There are two types of smoke test and there is often confusion as to which one is required and under what circumstances. One is called a ‘Draw Test’ and takes place as part of a sweep and the other is called a ‘Smoke Pressure Test’. This test checks the integrity of the existing brick flue to make sure there are no leaks. More details about the tests can be found in the tabs below, alternatively call us to talk through any questions and concerns on 01273 726 989 or 07742 829 848.
A smoke pressure test is not a 100% guarantee that there are no leaks – the flue passes through areas that you can’t easily check, for example in the void between ceilings and floors, or in an adjopioning property. There is also no guarantee that a leak wont develop at some point in the future. There may be cracks in the flue thaty are covered in soot and sweeping might uncover them. The only way to ensure smoke cannot leak out of a brick flue is to have it lined. There are a number of ways of doing this and the most simple and cost effective is to insert a flexible steel lining into the existing flue. For more information on this, please see out Lining Your Flue page.
You do NOT need a smoke pressure test if you are having a flue lining installed. Once the lining is installed smoke can only escape though it and it no longer passes through the brick flue.
For more information about how chimneys work, please see our How Chimneys Work page.
Smoke Pressure Tests
The purpose of a Smoke Pressure Test is to check the integrity of the chimney, i.e. to make sure smoke passing through the chimney can’t leak through any cracks or damage into other rooms in the same property or adjoining properties. There are many properties in Brighton & Hove that are well over 100 years old and the inside of a chimney is often the only part of a home that is not regularly maintained. Walls, ceilings, floors and roofs are usually well maintained, but the inside of a chimney is not accessible and usually gets no attention. Over time the brickwork inside the chimney can deteriorate and cracks can form. Sometimes chunks of brick and even whole bricks can break away and fall down the flue, either landing in your fireplace or on a shelf inside the chimney. This can create cracks and holes in the flue wall.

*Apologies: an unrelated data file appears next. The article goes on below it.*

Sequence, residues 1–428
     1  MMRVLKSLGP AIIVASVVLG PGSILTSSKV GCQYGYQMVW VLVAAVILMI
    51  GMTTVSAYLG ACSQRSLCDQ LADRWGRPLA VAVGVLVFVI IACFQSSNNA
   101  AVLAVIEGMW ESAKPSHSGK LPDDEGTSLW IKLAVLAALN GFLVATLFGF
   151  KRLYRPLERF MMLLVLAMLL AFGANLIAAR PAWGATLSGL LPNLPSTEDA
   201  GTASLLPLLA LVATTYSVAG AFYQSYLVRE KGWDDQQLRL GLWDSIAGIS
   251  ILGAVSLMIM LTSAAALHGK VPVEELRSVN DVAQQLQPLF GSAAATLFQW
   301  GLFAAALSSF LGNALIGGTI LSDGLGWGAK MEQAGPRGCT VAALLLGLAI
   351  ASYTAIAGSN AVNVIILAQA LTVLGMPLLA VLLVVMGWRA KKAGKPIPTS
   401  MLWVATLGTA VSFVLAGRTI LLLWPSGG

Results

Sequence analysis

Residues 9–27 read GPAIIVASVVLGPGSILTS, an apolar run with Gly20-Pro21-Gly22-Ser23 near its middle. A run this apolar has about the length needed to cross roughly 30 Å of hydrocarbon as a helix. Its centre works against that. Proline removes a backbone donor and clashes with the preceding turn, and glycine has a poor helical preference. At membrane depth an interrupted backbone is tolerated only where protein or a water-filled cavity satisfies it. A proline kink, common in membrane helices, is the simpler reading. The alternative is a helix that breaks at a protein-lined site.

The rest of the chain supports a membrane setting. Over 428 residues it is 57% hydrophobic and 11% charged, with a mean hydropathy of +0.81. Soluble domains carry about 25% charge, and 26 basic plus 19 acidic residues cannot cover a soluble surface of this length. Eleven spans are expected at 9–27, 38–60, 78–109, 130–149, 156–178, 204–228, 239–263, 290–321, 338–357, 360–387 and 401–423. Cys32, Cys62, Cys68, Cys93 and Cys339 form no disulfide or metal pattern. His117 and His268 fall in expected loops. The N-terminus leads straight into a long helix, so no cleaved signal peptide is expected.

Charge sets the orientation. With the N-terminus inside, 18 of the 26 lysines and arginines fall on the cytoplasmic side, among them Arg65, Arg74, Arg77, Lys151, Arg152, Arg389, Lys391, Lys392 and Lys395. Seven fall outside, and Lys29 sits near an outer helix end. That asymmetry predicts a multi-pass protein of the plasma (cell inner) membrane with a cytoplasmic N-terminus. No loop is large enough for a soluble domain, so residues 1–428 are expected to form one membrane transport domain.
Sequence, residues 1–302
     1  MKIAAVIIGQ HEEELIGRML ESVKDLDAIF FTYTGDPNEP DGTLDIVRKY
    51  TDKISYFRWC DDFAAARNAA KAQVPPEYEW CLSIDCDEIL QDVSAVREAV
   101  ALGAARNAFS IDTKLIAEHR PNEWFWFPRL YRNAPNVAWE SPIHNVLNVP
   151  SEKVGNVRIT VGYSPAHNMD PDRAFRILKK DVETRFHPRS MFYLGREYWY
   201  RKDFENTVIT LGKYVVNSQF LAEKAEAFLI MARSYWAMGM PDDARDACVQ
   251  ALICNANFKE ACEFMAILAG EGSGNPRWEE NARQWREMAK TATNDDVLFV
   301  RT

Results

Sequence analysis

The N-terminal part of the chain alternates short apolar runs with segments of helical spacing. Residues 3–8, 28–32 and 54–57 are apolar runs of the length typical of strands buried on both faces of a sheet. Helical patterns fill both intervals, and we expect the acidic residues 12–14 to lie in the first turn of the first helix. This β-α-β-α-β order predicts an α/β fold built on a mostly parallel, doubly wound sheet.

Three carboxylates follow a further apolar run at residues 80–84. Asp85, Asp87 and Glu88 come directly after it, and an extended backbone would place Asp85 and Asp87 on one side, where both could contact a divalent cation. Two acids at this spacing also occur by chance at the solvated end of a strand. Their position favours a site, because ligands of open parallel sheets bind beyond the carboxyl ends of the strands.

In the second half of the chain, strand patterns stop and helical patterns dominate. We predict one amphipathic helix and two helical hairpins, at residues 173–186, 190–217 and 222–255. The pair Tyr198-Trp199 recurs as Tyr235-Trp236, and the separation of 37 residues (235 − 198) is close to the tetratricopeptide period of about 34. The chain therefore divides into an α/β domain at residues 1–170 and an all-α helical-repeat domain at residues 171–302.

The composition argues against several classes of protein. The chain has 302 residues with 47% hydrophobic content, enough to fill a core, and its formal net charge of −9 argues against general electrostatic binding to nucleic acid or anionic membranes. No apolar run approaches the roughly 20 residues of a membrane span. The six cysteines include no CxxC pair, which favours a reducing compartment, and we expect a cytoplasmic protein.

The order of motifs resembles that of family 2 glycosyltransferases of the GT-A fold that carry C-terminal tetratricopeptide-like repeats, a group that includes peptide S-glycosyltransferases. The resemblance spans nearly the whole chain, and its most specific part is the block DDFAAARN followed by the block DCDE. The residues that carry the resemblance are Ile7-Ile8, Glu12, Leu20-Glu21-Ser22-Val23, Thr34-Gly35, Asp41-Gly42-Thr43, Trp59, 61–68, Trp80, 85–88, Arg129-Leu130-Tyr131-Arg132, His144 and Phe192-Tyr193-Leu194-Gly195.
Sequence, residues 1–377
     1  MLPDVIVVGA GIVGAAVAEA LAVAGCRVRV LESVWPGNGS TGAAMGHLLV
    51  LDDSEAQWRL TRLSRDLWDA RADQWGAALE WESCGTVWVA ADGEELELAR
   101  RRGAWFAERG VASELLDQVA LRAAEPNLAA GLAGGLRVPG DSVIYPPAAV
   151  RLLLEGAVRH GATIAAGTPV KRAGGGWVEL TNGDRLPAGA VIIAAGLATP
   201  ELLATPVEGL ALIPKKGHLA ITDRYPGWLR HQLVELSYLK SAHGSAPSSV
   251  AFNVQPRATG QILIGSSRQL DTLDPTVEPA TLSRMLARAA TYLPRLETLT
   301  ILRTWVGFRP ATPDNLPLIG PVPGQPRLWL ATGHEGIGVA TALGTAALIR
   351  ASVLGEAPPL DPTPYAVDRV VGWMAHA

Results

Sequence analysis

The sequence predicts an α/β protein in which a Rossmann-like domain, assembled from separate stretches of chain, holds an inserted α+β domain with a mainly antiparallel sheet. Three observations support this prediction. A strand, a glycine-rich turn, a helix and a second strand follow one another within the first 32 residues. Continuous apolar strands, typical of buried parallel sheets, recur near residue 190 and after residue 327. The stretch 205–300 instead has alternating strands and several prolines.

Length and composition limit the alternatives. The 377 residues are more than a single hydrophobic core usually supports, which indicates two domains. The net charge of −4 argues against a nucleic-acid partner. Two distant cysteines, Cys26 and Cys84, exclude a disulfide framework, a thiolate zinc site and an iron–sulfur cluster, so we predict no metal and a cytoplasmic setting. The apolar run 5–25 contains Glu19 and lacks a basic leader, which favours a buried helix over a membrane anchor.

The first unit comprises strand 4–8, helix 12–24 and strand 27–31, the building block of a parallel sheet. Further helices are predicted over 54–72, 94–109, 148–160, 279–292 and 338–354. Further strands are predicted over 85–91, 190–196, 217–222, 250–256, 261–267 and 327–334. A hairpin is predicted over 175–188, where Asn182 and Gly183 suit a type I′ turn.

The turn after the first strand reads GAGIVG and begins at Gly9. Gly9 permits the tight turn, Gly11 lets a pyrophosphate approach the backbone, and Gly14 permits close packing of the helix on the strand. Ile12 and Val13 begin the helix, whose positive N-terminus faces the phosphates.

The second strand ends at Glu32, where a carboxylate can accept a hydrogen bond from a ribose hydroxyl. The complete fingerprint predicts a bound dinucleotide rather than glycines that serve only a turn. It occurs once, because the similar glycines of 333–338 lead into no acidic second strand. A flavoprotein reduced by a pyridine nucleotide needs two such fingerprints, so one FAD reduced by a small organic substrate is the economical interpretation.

A smoke pressure is a two person job, with one on the roof by the chimney pot and one in the room with the fireplace. A smoke bomb is released in the fireplace, this creates a large amount of smoke which travels up the flue. As it gets to the top and emerges from the pot, the person on top blocks off the pot so the smoke can’t escape. The person in the room then blocks off the fireplace so the smoke can’t escape back into the room. The top and bottom should only be blocked when the flue is full as smoke will not move through the flue if it is already blocked.
Theoretically, as the flue fills up with smoke, if there are any cracks it will be forced through them. The person in the room with the fireplace goes from room to room looking for smoke. This may also involve checking rooms in an adjoining properties. If you find smoke, you have a leak.
This is not a 100% guarantee that there are no leaks as there are some areas it is very difficult to check, e.g. the void between floors and ceilings, an adjoining property if you can’t get access.
We can offer a smoke pressure test if there is easy and safe access to the chimney pots, i.e. a flat roof or with scaffolding and there is someone there to go from room to room and check for smoke leaking out.
This is a simple test usually completed once a chimney has been swept. The purpose of the test to to check the ‘draw’ or ‘up-draught’ of the fireplace. This is the movement of emissions generated by the fire, up through the chimney and out of the top. It is important to check this as a poor draw could result in smoke not moving up the chimney and instead drifting back into the room. There are a number of reasons why a draw might be poor, more on this on our Why Does Smoke Come Into My Room? post.